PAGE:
Wednesday, January 17, 2007
Paying the price for preventive care
Last week I had my heart checked out and this morning I talked about the exam on CNN.
Truth is, I feel pretty good, I try and stay healthy and I eat well. I don't take any medications, but I do worry about heart disease because of family history.
If you talk to a dozen different cardiologists, you will probably get a dozen different responses about what a healthy person should do about preventing heart disease. My cardiologist wanted to examine my heart through a series of blood tests and a very sophisticated test called a CT angiogram or CTA.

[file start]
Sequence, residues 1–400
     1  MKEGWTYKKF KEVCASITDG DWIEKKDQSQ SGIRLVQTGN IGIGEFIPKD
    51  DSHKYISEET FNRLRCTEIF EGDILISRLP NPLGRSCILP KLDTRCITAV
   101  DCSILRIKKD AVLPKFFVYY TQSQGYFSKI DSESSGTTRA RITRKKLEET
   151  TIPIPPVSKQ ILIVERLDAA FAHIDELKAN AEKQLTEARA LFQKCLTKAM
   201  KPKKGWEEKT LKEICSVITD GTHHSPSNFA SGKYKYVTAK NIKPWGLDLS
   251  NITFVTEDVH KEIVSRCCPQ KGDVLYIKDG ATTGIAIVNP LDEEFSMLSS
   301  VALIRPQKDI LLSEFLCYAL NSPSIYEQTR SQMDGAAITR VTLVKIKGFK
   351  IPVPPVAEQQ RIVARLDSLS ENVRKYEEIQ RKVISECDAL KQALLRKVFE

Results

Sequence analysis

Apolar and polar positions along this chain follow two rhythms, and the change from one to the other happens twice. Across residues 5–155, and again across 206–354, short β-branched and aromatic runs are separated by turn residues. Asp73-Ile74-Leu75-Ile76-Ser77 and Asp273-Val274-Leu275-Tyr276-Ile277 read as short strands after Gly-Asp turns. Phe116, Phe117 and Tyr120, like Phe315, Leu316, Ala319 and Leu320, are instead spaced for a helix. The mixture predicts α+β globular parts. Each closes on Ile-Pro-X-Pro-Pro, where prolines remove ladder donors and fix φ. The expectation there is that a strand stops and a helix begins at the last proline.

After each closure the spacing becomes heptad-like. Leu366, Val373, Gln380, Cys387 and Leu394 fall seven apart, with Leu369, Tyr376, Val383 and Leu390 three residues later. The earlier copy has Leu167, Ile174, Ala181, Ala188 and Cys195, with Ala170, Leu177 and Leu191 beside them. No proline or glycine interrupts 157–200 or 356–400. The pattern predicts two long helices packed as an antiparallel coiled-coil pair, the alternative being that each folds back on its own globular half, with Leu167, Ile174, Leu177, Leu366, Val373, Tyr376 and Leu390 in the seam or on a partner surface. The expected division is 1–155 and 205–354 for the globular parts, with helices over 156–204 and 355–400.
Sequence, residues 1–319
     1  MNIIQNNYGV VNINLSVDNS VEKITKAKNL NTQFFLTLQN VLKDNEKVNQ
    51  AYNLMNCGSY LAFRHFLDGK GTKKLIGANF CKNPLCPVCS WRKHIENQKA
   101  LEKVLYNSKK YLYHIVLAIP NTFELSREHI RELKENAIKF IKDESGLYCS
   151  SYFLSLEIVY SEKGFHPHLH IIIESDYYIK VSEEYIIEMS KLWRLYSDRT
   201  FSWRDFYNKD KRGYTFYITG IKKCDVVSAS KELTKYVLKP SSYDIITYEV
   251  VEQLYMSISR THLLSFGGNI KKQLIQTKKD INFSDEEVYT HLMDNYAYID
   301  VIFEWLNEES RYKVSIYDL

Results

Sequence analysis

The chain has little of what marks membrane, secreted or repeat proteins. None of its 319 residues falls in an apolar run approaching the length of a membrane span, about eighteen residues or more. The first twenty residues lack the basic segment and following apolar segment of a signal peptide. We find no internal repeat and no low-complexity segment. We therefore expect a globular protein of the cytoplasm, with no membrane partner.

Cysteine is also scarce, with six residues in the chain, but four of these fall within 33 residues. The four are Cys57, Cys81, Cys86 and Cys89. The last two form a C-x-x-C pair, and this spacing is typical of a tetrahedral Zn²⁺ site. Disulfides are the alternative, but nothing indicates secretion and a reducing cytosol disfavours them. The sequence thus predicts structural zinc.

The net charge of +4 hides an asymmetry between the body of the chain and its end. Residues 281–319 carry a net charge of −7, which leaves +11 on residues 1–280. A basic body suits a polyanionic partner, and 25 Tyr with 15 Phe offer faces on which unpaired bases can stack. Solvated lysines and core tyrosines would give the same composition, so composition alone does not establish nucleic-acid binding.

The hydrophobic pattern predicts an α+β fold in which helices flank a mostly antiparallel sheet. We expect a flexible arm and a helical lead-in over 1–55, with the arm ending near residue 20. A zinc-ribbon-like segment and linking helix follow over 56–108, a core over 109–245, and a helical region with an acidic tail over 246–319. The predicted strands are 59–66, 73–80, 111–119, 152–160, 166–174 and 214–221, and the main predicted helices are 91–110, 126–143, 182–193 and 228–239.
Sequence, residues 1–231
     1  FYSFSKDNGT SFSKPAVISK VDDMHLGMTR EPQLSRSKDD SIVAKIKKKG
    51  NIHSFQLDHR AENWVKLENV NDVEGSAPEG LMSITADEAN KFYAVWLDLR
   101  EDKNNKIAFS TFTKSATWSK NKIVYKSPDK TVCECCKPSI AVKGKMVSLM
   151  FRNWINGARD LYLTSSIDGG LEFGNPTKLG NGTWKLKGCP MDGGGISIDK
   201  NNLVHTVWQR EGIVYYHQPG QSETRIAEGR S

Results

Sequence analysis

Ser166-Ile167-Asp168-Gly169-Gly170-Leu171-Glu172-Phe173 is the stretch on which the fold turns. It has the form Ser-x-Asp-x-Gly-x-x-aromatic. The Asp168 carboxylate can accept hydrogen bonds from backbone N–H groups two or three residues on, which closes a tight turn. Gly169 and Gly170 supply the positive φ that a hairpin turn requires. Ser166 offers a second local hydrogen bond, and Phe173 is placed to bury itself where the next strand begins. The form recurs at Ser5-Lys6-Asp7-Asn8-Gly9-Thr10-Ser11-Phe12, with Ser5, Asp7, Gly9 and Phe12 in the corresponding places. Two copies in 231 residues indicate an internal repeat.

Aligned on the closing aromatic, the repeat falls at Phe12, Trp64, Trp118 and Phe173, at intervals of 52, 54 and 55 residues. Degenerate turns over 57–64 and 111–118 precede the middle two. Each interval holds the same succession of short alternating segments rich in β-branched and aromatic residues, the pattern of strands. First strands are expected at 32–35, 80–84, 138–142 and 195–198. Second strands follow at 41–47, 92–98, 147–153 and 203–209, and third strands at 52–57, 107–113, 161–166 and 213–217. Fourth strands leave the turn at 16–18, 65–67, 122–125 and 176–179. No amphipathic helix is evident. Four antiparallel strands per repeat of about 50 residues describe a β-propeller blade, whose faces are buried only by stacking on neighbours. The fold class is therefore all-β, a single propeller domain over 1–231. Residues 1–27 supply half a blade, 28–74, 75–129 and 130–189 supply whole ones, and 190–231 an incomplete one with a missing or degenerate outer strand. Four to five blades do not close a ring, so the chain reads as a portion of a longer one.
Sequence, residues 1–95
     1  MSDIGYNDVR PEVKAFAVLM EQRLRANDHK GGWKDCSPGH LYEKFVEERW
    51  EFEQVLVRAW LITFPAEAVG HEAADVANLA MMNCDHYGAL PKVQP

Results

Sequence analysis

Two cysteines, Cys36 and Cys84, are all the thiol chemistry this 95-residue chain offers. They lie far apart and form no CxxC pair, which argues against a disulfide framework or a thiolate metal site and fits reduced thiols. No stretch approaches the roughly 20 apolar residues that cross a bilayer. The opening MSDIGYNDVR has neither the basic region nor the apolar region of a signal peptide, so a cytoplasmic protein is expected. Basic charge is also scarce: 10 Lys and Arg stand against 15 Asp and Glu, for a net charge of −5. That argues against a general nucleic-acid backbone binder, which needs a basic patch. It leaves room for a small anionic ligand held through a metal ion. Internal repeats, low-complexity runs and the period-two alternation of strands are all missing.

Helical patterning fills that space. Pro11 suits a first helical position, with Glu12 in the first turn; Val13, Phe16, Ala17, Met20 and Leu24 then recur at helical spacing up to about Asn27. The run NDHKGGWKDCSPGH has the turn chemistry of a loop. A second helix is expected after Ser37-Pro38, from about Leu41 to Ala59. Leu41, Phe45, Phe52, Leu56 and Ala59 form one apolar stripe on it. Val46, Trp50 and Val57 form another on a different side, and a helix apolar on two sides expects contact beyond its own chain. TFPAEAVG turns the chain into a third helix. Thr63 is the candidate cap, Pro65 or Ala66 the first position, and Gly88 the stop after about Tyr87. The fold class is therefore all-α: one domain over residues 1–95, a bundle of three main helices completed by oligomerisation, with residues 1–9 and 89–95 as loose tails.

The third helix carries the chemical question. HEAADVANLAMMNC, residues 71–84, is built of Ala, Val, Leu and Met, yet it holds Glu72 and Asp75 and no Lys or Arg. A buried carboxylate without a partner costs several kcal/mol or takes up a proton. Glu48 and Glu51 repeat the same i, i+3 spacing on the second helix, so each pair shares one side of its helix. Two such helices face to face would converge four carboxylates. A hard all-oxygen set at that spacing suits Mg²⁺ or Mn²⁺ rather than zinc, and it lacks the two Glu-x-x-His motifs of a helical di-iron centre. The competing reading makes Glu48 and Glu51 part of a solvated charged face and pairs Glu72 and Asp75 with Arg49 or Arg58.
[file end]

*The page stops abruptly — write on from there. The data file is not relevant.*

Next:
My blood is being tested for the usual suspects, cholesterol and fats, but also things like genetic profile and inflammatory markers. I will get those results in a couple of weeks. The CT angiogram, which was completely non-invasive except for an IV, took incredibly high quality pictures of my heart, as you can see. The test will detect any calcifications as well as narrowing in the blood vessels and abnormalities in the blood vessel wall.
My test was completely normal. Reassuring.
It is one of the best tests for identifying heart disease, but it's not cheap - a little more than $1,000. Unless you are having some problem like chest pain, insurance probably won't cover it.
Many doctors feel that sort of thinking by the insurance companies is preventing us from becoming a culture of prevention. What do you think? Is an ounce of prevention really worth a pound of cure?
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